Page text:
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The single effect of this story and many of Poe's stories is blatant, mind-numbing fear. In "The Pit and the Pendulum" specifically, the narrator's fear begins with the Inquisition, being found guilty, and thrown into this hellish prison. He is kept in the dark, passes out only to wake and find someone has left food and drink, then immersed in complete darkness (the fear of the unknown is horrible in itself). Blindly, he "explores" his surroundings only to stumble and fall. Upon falling, he discovers had he not fallen, he would have walked into a seemingly bottomless pit, most certainly to his death. Upon next waking, he finds he is tethered to a table where a pendulum is swinging closer and closer to slicing him in two. Faced with certain death, this time illuminated with many bright lights, he is forced to think quickly and rub meat left for him to eat on the ropes holding him. Rats chew through these ropes (having rats running all over you is enough fear for some) and the narrator again escapes death, but just barely.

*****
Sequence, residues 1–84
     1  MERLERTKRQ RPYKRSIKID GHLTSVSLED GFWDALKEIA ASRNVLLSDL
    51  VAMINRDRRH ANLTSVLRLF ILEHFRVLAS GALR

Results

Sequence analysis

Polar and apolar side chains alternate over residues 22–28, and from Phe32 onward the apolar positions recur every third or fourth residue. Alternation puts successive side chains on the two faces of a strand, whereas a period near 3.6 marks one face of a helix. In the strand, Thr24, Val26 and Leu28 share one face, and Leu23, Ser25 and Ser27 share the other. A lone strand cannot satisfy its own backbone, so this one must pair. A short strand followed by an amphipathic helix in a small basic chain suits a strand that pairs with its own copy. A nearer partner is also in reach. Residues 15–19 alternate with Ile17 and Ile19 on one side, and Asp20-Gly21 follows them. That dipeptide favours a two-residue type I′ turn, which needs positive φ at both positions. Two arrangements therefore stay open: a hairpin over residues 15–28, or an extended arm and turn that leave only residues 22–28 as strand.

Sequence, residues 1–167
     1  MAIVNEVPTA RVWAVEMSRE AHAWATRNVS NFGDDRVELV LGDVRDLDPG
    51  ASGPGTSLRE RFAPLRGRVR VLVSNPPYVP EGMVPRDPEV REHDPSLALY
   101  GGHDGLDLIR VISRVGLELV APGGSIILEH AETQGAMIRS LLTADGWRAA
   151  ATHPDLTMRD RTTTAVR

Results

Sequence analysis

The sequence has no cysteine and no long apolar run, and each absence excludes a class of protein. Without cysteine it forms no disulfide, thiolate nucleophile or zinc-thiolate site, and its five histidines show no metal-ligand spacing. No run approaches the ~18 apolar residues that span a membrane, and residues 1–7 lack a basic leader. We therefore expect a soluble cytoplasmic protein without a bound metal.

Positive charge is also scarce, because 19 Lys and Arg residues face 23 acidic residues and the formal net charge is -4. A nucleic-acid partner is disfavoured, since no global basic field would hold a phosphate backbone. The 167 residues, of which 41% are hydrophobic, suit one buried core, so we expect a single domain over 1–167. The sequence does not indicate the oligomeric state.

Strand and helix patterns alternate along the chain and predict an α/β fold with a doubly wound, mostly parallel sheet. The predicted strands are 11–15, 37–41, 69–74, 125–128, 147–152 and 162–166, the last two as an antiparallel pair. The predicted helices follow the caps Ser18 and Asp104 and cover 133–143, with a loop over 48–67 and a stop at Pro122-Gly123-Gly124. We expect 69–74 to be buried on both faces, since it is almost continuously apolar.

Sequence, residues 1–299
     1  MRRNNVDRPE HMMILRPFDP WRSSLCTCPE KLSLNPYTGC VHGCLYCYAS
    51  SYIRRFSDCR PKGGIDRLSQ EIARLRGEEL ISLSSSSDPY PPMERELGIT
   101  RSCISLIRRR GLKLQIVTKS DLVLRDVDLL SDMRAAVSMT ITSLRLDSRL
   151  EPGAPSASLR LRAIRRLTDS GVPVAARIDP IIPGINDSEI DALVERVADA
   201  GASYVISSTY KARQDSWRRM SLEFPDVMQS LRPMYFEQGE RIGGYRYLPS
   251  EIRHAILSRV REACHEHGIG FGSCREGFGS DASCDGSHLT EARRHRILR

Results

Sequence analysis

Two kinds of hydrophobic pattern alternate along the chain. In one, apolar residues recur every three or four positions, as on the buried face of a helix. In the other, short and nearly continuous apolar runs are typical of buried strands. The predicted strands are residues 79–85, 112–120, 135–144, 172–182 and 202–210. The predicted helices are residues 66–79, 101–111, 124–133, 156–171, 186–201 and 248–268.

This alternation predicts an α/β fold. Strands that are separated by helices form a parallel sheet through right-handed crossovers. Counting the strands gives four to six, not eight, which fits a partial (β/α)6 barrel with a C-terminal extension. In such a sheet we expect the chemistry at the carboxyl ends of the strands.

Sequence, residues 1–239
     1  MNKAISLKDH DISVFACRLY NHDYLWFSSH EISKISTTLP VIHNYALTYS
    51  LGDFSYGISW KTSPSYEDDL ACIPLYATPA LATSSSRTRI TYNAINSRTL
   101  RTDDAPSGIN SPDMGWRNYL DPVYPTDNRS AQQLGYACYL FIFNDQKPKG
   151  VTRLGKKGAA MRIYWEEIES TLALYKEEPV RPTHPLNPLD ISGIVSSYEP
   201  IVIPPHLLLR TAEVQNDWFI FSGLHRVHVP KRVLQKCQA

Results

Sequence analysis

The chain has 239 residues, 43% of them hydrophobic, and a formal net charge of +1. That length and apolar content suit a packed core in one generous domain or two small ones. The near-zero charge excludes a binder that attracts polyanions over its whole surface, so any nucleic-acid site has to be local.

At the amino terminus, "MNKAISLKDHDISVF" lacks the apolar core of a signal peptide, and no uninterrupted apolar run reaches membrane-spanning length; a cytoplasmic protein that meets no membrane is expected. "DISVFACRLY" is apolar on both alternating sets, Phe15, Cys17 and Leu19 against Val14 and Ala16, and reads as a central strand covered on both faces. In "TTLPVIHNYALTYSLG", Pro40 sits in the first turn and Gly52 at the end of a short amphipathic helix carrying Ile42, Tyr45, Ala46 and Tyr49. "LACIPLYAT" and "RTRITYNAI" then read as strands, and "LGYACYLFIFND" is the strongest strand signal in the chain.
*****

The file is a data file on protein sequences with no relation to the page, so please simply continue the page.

With all the experiences the narrator suffers, it is truly emotional, mental, spiritual, and physical horror.
i think the single effect in *the pit and pendulum is the rescue of the narrator which means the servival of free thinking .the effect that Edgar allan poe is building from the beging of the story to acheive ,and that why edgar allan poe said that the story should be read in one sitting.
This, like all of Poe's writings, conveys a feeling of fear, depression, and hopelessness. Though it is different than some of his other stories by the fact that it has an ending full of hope and relief.
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